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This is the salary you must earn

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Social Security is the benefit we all wait to claim, its meaning is clear for most of us, our working years are over, and we can now kick back and relax, enjoy our golden years travelling with friends and family, free of all responsibilities adjacent to a job. What a dream. But to accomplish that dream, the main object you will be up against is money.

And in this case, knowledge is power. Knowing how much money you will need to earn to get the maximum payments, for how long and how much you will need to put aside to keep your lifestyle or one comparable is important and it is a sort of math that is better done by a professional, but here you will find the highlights and some basic numbers you should take into account.

First and foremost, the primary factor that will determine your Social Security payments is your career, or at least a very big part of it. Your earnings for the past 35 years in which you earned the most will be the ones being averaged out to find out how much money you will receive in retirement. So maybe it is time to go for that promotion or change jobs to a better paying position, because even with the age of retirement going up, 35 years of well-paying salaries take a lot of time to accumulate.

Some people seem to think only the last few years (usually when they are making the most) count, but a consistent lifetime of earnings is worth a lot more in this average than just two of three years or higher earnings.

Social Security calculator

Going directly to the calculations, the Social Security Administration determines your benefit amount by evaluating your lifetime earnings. This process involves adjusting your actual earnings to reflect changes in average wages since the years in which you received those earnings. This average is entered into a pre-made formula to figure out the primary insurance amount, which is the amount of money that you will be entitled to come your Full Retirement Age (FRA).

The formula is complex, but according to the Social Security administration “The PIA is the sum of three separate percentages of portions of average indexed monthly earnings. The portions depend on the year in which a worker attains age 62, becomes disabled before age 62, or dies before attaining age 62. These percentages are 90%, 32% and 15%”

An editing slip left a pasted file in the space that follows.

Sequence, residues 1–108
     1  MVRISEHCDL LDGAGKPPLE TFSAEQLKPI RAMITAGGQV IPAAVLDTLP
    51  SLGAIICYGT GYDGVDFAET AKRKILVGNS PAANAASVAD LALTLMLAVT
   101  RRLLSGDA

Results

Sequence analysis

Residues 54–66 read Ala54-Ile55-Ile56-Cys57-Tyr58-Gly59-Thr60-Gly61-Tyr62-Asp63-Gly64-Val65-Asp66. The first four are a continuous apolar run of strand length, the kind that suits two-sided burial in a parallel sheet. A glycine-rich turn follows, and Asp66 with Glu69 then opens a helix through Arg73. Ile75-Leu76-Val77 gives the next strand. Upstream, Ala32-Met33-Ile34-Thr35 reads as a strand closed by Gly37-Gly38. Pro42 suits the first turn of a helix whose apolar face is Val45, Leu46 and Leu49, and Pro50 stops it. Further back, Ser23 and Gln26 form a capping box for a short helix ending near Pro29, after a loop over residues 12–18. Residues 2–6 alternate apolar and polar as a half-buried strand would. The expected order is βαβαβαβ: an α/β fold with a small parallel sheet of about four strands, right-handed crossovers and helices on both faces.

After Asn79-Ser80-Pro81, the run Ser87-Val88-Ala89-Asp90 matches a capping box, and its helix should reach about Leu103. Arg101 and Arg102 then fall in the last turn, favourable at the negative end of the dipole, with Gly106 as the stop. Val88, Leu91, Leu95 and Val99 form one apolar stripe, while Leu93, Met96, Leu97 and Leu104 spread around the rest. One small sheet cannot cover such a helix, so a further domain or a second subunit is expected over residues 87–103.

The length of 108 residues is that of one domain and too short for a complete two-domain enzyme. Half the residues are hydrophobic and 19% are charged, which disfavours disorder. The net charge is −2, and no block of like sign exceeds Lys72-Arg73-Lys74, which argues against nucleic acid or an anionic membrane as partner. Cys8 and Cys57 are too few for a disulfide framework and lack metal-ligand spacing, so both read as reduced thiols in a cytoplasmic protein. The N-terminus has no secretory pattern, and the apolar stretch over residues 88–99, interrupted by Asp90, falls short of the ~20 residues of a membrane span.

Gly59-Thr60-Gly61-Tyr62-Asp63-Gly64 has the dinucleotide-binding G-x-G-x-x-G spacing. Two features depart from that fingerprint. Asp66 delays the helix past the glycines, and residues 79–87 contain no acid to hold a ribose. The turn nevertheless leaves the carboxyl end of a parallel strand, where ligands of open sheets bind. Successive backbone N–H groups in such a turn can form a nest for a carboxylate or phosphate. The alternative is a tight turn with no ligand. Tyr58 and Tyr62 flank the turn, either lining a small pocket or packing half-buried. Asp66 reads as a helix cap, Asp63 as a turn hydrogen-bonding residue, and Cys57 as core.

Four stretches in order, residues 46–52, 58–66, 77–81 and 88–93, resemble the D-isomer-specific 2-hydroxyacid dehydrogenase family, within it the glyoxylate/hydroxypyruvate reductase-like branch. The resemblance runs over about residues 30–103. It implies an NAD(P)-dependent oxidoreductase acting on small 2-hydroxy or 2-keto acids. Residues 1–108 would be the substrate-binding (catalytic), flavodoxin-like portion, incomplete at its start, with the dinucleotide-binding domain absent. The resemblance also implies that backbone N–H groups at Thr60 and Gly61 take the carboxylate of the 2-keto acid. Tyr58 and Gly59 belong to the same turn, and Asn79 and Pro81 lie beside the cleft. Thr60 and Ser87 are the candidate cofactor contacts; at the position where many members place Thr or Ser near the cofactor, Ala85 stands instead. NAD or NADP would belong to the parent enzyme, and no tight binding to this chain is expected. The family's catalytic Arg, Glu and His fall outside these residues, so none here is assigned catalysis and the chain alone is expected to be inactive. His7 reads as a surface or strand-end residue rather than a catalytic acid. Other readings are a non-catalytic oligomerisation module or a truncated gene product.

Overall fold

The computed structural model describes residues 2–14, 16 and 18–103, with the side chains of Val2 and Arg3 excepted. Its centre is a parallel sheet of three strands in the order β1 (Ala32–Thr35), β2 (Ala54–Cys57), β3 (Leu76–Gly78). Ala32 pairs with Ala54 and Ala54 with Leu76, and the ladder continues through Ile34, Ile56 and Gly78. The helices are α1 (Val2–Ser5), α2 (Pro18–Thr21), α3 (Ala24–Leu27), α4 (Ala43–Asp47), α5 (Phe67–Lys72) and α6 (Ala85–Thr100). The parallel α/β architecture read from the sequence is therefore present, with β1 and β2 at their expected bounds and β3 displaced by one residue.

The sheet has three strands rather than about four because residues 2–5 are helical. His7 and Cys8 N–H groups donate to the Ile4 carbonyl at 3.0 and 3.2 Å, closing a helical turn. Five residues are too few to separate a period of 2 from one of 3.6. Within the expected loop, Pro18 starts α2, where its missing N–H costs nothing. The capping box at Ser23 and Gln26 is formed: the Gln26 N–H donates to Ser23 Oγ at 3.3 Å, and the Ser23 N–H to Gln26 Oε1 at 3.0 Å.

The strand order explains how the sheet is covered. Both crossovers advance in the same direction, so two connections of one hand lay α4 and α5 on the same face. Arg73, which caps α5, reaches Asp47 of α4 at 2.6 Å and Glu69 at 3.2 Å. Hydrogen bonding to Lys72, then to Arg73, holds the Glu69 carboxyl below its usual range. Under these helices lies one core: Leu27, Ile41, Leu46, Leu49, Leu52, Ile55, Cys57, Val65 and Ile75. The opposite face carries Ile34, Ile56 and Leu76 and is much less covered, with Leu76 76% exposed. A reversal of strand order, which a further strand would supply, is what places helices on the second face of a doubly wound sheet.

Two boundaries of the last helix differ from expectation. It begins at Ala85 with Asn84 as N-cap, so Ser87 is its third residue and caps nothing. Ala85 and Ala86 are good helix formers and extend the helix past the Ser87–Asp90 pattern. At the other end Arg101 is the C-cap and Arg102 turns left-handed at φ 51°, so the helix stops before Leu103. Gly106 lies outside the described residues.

The particular dollar amount changes, but the percentages stay the same. As of today in 2024 and following the formula, the amount of money you need to earn is $168,600 to receive the maximum benefit. When adjusted for inflation and assuming you have paid the maximum taxable amount, this will leave you with $3,822 at Full Retirement Age. However, if you chose to retire as early as possible at 62, your maximum benefit would be $2,710 and if you wait retire at age 70 and accumulate the extra 8% your maximum benefit would be $4,873.

Of course, very few people will have the perfect career with the maximum contributions always paid to Social Security, so your numbers will not be as clear cut. Consulting the Social Security webpage to find out more information about your specific tax bracket is advisable. And if math is not your strong suit, visiting a financial advisor that can help you make sense of the formulas and your earnings may be worth the cost.

Still, remember that Social Security payments are not meant to be the only source of income in your golden years, and that saving for retirement should be a process that you start as soon as possible.



Read More: This is the salary you must earn

2024-05-18 18:00:57

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